Questions Answered by Dr. Matsumoto Part 2

Osaka World Judo ChampionshipsQ1. (Michel) I would love to learn about the non-basic emotions; like shame, guilt and disbelief. I saw a video-clip where Paul Ekman spotted deception by a micro-expression of disbelief – even if there isn’t any concluded work done on the subject, I think many of us would like to learn about what is known so far. I also think it could be really great if you made a tele-seminar on detecting deception.

A.(Dr. Matsumoto) These emotions that you speak of such as shame, guilt and disbelief belong in a different class than basic emotions: anger, fear, sadness, happiness, surprise, contempt and disgust. They are in a class called self-conscious emotions. One characteristic of these emotions is that they require some evaluative component of one self. There has been some research done on these emotions, but not as much as research done on basic emotions. I would suggest that if you want to learn about the emotions of shame and guilt you read Freud. A more contemporary researcher is June Tanglney. I would also recommend you read work done by researchers as Keltner at UC Berkeley and Tracy at the University of British Columbia as well as look at my personal website for research done in these areas.

Q2. (JYP) Do you think Left brain/right brain affects in any way the body language? A person talking about private matter would rather use left part of his body and a person talking about external matters would rather use the right part?

A.(Dr. Matsumoto) I am not an expert in brain matters. However, I believe that the left/right brain dichotomy is artificial and unrealistic. From my understanding, the brain processes information across both hemispheres and very quickly. Therefore it doesn’t make sense that only one part of the brain would control body language. In addition, there has been little or no research to my knowledge that shows hemispheric specialization associated with expressive behavior.

Q3. Do drugs like Beta Blockers (or others) intentionally taken for the purpose of deception, ALTER the way you are able to read that person’s facial expressions?

A.(Dr. Matsumoto) I am also not an expert in psycho pharmacology. From my personal experience I believe there is no research that examines this question. Given that, I think that drugs such as beta blockers make no difference in reading others. However, there probably is a big difference in how those expressions may be interpreted.

Q4. (Andrew) How is your research on cultural emblems progressing? What have you found so far and is there any prelim data you would be willing to share?

A.    (Dr. Matsumoto) The research is going great. We have many new and unexpected findings. However, we are not yet ready to disclose these findings. We hope to disclose our findings within the next 6 months.

Q5.  (WC) What is the quickest way to establish a baseline with somebody you just met?

A. (Dr. Matsumoto) The simple answer to how to this question is to watch and listen to them. However, this question is impossible to answer without knowing the context of the situation.

Q6.  (Steven) With some of the training I have taken, I have noticed that if I do not put forth practice making observations any skill set is diminished as time passes by. What do you recommend as a way to keep sharp on observations, types of practice, etc.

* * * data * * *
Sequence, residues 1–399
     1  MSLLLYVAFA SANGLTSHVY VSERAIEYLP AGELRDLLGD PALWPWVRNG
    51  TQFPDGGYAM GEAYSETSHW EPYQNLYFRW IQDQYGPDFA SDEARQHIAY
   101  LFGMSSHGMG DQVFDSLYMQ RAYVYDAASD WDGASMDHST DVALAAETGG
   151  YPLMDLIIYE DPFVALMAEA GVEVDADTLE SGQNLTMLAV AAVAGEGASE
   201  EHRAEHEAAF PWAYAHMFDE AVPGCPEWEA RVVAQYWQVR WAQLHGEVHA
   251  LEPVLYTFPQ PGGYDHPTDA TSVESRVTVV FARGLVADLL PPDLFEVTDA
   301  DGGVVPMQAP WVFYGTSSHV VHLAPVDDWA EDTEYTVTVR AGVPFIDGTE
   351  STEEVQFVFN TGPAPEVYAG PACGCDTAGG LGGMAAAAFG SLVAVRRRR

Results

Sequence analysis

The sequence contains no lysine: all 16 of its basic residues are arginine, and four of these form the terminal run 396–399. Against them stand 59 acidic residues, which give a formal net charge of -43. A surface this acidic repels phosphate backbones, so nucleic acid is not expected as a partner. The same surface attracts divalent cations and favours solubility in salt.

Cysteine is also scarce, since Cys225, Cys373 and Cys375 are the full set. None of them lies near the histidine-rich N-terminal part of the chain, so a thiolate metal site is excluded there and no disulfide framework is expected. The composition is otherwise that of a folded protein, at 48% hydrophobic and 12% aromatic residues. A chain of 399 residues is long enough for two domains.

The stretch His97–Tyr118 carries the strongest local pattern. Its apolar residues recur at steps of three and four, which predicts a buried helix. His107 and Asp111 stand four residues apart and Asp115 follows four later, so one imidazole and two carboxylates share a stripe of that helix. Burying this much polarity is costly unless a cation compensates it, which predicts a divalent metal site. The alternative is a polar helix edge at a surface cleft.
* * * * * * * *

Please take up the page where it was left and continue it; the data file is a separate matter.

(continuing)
A.  (Dr. Matsumoto) My advice to you is that you keep practicing but that you don’t practice the wrong thing. It’s important that you keep verifying that you are practicing the right material in the right way. Do your research- look for articles on the topic from reputable sources to double check you are on the right path.

Q7. (Thomas) How does mTBI possibly affect a patient’s ability to read the facial expressions of his spouse and children as well as the facial expressions of strangers? Would one of your training modules be appropriate for use with these patients?

A.    (Dr. Matsumoto) The effect of mTBI on a patient’s ability to read the facial expressions of others would of course, depend on the type and location of the injury as well as the severity. It is possible that our training would be appropriate for these patients. However, it is tough to say without knowing more about the situation.

Q8. (Aimee) Hi, in one day I have finished all the commercial tests that are available. They are all WAY TOO EASY for me. I’m scoring 100% or nearly 100% all of the time. Increasing the speed does not decrease my success rate. I am looking for something more challenging to actually improve my skill. What do you suggest?

A.  (Dr. Matsumoto) I would suggest watching videos and people. Detecting spontaneous behavior is always more difficult.

2 responses to “Questions Answered by Dr. Matsumoto Part 2”

  1. Ian Trudel says:

    This is another great Q&A. Thanks, Dr. Matsumoto.

    I particularly like Q&A6. I strongly believe that these are skills to be developed and used throughout an entire life time. It’s a lot of work before one gets to a comfortable level. Studying universal emotions is just the beginning, there are other emotions, and it can be partial and mixed. Practice makes perfect.


  2. I like to read more about basic emotions, what books will you recommend me to read? Thanks, David

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